§ 22. Mr. Geraint Howells
To ask the Secretary of State for Defence what recent consultations his Department has had with the National Farmers Union, the Scottish National Farmers Union and the Farmers Union of Wales concerning compensation for the effects of low-flying aircraft.
§ Mr. Freeman
Officials met representatives of the National Farmers Union, the Scottish National Farmers Union and the Farmers Union of Wales during 1987 as part of my Department's review of procedures for dealing with compensation claims from farmers whose livestock may have been affected by low-flying military aircraft. Discussions have continued since then, and regular contact is also maintained between my Department's officials and the farmers' unions on a case-by-case basis.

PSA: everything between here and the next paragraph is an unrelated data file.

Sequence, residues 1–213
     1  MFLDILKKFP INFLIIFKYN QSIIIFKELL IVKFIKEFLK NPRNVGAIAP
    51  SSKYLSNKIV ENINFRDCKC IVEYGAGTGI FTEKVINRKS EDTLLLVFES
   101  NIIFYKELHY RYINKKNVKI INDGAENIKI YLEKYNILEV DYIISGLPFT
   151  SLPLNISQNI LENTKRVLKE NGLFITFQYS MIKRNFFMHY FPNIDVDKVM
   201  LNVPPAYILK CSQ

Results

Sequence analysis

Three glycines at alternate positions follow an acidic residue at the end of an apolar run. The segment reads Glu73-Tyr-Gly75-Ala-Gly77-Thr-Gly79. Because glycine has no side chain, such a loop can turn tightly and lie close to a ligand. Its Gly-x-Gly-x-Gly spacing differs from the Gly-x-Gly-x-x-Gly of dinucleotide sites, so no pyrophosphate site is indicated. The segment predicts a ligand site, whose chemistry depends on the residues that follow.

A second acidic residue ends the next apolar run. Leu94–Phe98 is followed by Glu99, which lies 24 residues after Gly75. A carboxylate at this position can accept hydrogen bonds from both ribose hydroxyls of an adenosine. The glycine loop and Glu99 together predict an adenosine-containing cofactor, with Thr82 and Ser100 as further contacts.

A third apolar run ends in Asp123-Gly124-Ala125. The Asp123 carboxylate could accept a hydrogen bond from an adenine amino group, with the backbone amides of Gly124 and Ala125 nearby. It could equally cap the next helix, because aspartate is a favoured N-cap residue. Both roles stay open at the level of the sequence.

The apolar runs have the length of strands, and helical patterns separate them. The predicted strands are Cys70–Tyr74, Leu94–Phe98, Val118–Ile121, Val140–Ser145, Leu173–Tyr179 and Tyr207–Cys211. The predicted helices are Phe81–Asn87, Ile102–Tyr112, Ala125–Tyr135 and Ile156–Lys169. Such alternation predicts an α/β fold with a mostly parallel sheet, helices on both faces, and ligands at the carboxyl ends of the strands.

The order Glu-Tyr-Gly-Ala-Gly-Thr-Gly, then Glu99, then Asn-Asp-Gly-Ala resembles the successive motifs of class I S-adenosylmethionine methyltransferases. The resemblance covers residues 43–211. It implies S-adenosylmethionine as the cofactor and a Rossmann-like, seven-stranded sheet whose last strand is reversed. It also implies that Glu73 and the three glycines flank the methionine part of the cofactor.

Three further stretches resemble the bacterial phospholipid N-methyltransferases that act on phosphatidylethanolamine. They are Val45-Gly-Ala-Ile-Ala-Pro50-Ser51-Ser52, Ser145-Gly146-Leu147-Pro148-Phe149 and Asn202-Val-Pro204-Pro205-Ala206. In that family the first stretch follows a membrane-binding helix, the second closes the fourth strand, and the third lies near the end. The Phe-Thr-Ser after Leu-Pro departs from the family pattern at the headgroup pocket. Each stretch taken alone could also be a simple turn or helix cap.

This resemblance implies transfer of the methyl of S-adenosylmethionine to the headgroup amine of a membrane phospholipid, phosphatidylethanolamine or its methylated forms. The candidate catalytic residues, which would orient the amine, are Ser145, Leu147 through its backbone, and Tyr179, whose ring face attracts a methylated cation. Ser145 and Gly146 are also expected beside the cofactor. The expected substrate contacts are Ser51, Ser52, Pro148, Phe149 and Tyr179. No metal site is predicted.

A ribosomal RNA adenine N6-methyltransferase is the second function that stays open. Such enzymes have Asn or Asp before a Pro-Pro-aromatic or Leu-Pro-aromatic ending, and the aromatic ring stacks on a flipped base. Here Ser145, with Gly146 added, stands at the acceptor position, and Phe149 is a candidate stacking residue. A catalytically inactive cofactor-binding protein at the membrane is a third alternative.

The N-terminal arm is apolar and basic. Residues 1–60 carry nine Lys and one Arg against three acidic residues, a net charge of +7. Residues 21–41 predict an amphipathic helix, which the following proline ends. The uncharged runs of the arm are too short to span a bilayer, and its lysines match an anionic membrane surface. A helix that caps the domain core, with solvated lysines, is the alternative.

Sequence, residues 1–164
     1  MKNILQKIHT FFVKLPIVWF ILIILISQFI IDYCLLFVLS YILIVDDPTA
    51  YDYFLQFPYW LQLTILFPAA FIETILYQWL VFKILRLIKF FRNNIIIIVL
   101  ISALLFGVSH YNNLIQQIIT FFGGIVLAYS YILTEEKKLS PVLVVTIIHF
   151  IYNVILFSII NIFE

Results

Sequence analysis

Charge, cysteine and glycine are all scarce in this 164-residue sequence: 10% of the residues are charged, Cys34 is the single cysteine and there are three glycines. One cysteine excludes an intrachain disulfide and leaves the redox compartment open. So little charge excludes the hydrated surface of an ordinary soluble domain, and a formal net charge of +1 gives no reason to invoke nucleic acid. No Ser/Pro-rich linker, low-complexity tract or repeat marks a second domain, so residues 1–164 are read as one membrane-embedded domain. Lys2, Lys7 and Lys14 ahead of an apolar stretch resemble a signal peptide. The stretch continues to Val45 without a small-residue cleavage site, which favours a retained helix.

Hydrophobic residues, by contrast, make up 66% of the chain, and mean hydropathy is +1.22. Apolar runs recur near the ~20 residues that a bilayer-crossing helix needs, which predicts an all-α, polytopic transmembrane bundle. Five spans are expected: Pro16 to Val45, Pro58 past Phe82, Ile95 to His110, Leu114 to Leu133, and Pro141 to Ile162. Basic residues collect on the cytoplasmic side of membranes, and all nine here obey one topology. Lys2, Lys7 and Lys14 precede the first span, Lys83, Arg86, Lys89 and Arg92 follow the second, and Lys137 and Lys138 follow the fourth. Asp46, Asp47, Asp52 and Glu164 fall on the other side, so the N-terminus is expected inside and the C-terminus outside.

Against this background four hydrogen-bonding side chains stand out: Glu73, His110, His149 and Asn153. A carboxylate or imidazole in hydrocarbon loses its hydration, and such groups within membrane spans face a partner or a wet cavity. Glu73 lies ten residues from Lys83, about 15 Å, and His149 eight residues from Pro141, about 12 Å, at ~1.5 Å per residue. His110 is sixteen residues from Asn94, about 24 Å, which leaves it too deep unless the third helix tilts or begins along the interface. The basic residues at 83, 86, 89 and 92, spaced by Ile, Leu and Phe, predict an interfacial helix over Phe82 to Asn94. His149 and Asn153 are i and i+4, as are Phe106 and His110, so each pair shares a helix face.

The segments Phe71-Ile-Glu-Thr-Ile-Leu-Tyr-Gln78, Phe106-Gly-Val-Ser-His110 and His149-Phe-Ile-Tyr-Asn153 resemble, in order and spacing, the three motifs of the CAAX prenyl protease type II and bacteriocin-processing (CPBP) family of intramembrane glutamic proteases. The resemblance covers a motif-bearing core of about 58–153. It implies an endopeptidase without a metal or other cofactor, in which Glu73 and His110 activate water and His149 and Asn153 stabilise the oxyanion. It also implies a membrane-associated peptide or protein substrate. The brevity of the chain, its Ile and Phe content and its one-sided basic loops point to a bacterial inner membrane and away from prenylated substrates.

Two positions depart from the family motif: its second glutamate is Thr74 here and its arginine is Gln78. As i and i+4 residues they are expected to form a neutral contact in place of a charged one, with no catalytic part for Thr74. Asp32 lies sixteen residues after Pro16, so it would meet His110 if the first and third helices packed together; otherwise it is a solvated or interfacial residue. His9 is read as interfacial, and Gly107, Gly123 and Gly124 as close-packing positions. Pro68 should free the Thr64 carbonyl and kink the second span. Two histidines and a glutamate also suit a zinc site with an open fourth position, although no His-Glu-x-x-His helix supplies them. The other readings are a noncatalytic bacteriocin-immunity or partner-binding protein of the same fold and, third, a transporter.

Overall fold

§ Mr. Freeman
As my hon. Friend will be aware, training in the crucial techniques of row flying is vital if we are to maintain an effective modern air force capable of maintaining our security by deterring any potential aggressor. None the less, we are acutely aware of the disturbance this essential activity may cause on the ground and will continue to do all we can to keep this to an absolute minimum. In fact, low-flying aircraft activity during 1987 was marginally lower than during 1986, a trend particularly marked in the low-flying administrative area which comprises most of East Anglia and parts of Lincolnshire, which experienced approximately 24,000 movements compared with just over 32,000 the previous year.